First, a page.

Nebraska buys more lethal injection drugs, moves to restart executions
LINCOLN, Neb. (Reuters) - The state of Nebraska said on Thursday it has purchased a new supply of lethal injection drugs and will move to execute one of the men convicted in one of the deadliest bank robberies in U.S. history.
Attorney General Doug Peterson said in a statement that his office would move to have an execution date set for Jose Sandoval, 38, within 60 days.
Twenty-three people have been executed in the United States so far this year, compared with 20 in 2016 and 28 in 2015, according to the Death Penalty Information Center.
Nebraska's most recent execution occurred in 1997.
The state had been without a method to execute people for several years due to a shortage of the lethal drugs required. Nebraska's supply of sodium thiopental, used to knock out the inmate before two other drugs were administered, expired in December 2013 and the state was unable to buy more due to difficulties in procuring it.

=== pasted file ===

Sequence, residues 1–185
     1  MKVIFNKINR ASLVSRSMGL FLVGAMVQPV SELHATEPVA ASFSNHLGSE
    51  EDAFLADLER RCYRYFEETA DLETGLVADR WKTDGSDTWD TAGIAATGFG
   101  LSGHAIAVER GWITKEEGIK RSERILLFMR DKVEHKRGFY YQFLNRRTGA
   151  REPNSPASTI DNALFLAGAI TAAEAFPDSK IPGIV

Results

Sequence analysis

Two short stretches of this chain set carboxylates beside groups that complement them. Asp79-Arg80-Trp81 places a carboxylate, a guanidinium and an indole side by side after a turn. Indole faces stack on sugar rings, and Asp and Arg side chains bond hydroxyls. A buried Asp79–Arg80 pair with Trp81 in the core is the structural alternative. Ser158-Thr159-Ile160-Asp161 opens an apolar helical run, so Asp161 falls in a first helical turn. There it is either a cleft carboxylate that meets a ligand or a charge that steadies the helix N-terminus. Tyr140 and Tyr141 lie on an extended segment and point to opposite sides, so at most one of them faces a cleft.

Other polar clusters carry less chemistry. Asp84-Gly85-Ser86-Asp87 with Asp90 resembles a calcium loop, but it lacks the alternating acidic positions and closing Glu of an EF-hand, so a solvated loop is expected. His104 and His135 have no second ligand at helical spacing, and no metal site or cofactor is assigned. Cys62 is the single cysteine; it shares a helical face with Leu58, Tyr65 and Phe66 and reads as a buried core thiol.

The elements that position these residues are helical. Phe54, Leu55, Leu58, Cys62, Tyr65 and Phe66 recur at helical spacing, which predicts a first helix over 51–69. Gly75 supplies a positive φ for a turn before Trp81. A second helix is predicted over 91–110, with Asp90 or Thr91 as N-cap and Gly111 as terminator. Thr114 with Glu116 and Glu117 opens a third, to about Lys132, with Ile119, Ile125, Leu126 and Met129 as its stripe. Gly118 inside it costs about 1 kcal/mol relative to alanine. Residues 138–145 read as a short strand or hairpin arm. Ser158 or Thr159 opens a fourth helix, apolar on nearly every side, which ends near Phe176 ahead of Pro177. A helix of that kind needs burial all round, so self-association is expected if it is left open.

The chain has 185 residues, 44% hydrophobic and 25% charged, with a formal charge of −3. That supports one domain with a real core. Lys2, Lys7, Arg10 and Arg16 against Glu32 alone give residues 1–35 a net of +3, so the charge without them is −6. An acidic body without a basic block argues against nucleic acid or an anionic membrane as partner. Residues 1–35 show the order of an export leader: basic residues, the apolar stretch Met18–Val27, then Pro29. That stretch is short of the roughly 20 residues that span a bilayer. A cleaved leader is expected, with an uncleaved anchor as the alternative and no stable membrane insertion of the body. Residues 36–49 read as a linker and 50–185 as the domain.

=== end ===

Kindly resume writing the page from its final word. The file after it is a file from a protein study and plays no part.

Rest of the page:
The Nebraska Legislature in 2015 repealed the state's death penalty and then overrode Republican Governor Pete Ricketts' veto of the measure. However, death penalty proponents then succeeded in placing the issue on the ballot and voters rescinded the repeal in 2016.
Sandoval and three other men were convicted of killing five people during the robbery of a U.S. Bank branch in Norfolk, Nebraska, in September 2002.
(Jose Sandoval via Nebraska Department of Correctional Services)
The state previously had a three-drug, lethal injection protocol calling for a dose of sodium thiopental, followed by pancuronium bromide to cause paralysis and a dose of potassium chloride to stop the heart.
But sodium thiopental is now extremely difficult to purchase. Nebraska and several other states that used it in their executions were forced to buy the drug overseas when the last U.S. manufacturer quit making it in 2010 because of death penalty opposition from customers.
Sodium thiopental was then banned for export by the European Union. It is still made in India and China, but defense lawyers have questioned its quality.
Nebraska officials said the state now plans to use diazepam, fentanyl citrate, cisatracurium besylate and potassium chloride.
State corrections spokeswoman Dawn Renee Smith said the drugs were purchased in the United States. She declined to name the supplier.
(Reporting by Kevin O'Hanlon in Lincoln, Neb.; Editing by Ben Klayman and Matthew Lewis)